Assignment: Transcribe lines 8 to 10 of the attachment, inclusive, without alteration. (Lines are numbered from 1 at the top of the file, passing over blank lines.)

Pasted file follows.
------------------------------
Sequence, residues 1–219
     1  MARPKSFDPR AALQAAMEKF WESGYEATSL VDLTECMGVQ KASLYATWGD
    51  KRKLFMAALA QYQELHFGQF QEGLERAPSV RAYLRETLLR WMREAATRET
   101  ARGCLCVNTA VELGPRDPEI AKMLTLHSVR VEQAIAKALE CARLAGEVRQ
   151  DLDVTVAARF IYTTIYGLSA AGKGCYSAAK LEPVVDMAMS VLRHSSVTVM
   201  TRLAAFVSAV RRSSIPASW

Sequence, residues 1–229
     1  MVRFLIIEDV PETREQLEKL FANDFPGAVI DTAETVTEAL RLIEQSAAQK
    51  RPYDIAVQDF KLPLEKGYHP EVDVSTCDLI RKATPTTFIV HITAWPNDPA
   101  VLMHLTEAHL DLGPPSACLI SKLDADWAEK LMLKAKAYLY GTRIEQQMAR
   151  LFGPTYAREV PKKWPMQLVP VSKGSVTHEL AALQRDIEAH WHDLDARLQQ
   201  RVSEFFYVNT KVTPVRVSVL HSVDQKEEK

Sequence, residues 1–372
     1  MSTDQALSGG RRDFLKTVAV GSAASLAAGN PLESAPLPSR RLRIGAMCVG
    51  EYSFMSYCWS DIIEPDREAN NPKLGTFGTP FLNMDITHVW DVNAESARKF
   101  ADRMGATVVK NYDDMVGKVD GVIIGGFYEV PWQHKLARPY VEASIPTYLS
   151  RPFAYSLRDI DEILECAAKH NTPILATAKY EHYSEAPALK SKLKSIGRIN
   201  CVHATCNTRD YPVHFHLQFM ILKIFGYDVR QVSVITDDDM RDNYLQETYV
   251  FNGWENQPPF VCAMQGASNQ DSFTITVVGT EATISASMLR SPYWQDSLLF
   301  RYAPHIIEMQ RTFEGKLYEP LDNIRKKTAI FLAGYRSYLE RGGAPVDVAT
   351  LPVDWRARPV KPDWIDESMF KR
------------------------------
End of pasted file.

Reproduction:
     1  MVRFLIIEDV PETREQLEKL FANDFPGAVI DTAETVTEAL RLIEQSAAQK
    51  RPYDIAVQDF KLPLEKGYHP EVDVSTCDLI RKATPTTFIV HITAWPNDPA
   101  VLMHLTEAHL DLGPPSACLI SKLDADWAEK LMLKAKAYLY GTRIEQQMAR